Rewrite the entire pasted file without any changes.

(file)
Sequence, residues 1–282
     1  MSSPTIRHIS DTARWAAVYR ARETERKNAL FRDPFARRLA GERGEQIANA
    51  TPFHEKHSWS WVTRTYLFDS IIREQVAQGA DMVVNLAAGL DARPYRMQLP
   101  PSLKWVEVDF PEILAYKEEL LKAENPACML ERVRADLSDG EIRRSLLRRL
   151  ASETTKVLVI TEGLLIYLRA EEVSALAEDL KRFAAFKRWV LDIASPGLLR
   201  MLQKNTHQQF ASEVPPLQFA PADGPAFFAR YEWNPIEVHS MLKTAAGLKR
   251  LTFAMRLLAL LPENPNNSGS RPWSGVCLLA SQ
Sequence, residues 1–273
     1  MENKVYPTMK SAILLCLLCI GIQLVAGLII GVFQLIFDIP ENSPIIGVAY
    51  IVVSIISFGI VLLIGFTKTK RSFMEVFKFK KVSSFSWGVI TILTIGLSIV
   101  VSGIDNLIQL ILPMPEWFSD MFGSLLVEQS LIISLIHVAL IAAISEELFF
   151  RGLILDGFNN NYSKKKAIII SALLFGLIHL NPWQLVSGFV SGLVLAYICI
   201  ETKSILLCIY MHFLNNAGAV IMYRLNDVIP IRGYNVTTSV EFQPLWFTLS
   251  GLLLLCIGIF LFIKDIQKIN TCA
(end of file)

Sequence, residues 1–282
     1  MSSPTIRHIS DTARWAAVYR ARETERKNAL FRDPFARRLA GERGEQIANA
    51  TPFHEKHSWS WVTRTYLFDS IIREQVAQGA DMVVNLAAGL DARPYRMQLP
   101  PSLKWVEVDF PEILAYKEEL LKAENPACML ERVRADLSDG EIRRSLLRRL
   151  ASETTKVLVI TEGLLIYLRA EEVSALAEDL KRFAAFKRWV LDIASPGLLR
   201  MLQKNTHQQF ASEVPPLQFA PADGPAFFAR YEWNPIEVHS MLKTAAGLKR
   251  LTFAMRLLAL LPENPNNSGS RPWSGVCLLA SQ
Sequence, residues 1–273
     1  MENKVYPTMK SAILLCLLCI GIQLVAGLII GVFQLIFDIP ENSPIIGVAY
    51  IVVSIISFGI VLLIGFTKTK RSFMEVFKFK KVSSFSWGVI TILTIGLSIV
   101  VSGIDNLIQL ILPMPEWFSD MFGSLLVEQS LIISLIHVAL IAAISEELFF
   151  RGLILDGFNN NYSKKKAIII SALLFGLIHL NPWQLVSGFV SGLVLAYICI
   201  ETKSILLCIY MHFLNNAGAV IMYRLNDVIP IRGYNVTTSV EFQPLWFTLS
   251  GLLLLCIGIF LFIKDIQKIN TCA